On April 23, 2006, The Dirty Guv’nahs stepped on stage for the first time…we thought it would be the only time. In fact, we, was just a group of random acquaintances–six guys that didn’t even know each other as friends, but who had been brought together by a series of random events, a benefit concert in downtown Knoxville’s old city, and a multitude of ridiculous late night conversations.
Our first show transpired because a friend of ours happened to be looking for a benefit concert opening band, promoted by Diana Warner and headlined by Sister Hazel. Justin Hoskins had an easy answer. At dinner with Diana, he said, “I’m in a band…we’ll be one of your opening bands,” to which she wisely replied, “You’re not in a band. I’ve known you for ten years! But if you are in a band then you can be the opening act.” Justin assured, “I am definitely in a band. We just started.” And the band literally began in that breath. We decided to name it after a friend of ours whose nickname was, “The Guv’nah.” The Guv’nah loved rock music, as we all did, but none of us had actually been in a band. The Guv’nah had recently broken his ankle and was on crutches, so he was unavailable to be in it, but he helped orchestrate the formation of the band and our members. Like I said, most of us didn’t know each other, so The Guv’nah was our only connection. Let me back up for a minute:
After Justin’s dinner with Diana, he went home to tell his roommates (which included me at the time) that we had to start a band, because we were committed to a show he’d booked for us in ten days. There was a lot of laughter, but he was completely serious. That’s where The Guv’nah came in. We practiced for a few nights but sounded pretty horrible, so The Guv’nah insisted that other people join. Eventually we got to six members, and thinking we sounded decent enough to play in front of people, The Guv’nah was satisfied…honestly though, we still sounded really terrible.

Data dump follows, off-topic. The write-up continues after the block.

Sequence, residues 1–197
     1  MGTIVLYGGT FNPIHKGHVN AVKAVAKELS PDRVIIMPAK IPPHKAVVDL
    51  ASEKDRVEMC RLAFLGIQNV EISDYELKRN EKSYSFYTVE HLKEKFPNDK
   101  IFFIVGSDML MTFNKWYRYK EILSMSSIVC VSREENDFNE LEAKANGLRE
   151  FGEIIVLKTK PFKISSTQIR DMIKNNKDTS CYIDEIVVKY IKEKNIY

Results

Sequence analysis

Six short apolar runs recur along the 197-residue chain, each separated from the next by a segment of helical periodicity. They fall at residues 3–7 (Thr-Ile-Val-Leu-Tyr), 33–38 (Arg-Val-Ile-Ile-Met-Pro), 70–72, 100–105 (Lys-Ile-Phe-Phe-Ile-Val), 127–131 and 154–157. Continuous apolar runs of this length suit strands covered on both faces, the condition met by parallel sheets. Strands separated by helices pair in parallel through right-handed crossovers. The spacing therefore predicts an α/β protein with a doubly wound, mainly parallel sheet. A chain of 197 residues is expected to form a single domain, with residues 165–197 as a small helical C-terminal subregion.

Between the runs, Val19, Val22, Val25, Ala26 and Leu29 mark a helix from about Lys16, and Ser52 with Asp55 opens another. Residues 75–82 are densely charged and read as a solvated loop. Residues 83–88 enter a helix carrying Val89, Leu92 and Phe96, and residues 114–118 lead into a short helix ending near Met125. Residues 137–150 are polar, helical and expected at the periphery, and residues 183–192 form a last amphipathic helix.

The day of the show came, and we played four cover songs along with three original songs to a near-empty parking lot of people. It was amazing. I was twenty-three years old and had never sung in front of people until that moment. In fact, I was only elected lead singer by default because of my poor guitar playing. “James, you should just be the singer,” Justin told me after a few practices.
The rest of our story is just as ridiculous, but it’s very far from fun and games, jokes and luck. We’ve worked harder on this than anyone I know, many of us working close to eighty hours a week for four years now in order to sustain both the band and a daytime desk job, grad school…it’s been different for each of us. We have all sacrificed, which is what’s really drawn us together as a unit. It’s been difficult passing up other careers, grad school opportunities, and accepting disapproval from certain friends and family, because we want to make rock music for two cents an hour. For clarification, we’ve had an unbelievable support base from friends and family, but there’s always that uncle who calls you an idiot for being in a band, or there’s that high school buddy who says stuff like “when are you gonna give up on this man?” Despite all of the challenges, it’s just worked. We’ve always felt that we had something special that shouldn’t be given up on, and we’ve pushed through because of it. Feels good to be making, like, ten cents an hour for our hard work as opposed to the previous two cents an hour…we’ve almost given up so many times… but fortuitous little things happened along the way that convinced us to stay in the game.
One such occurrence was in April 2009, probably our biggest watershed moment, when we rented out the Bijou for a cd release show. We sold about two hundred tickets ourselves, in advance. The Bijou holds 750 people, so we thought: this is good, at least it won’t look completely empty. Our hope was that 350 would show up for the show. We were shocked when 695 people paid at the door that night. I literally felt as if I was living in a dream–it was insane.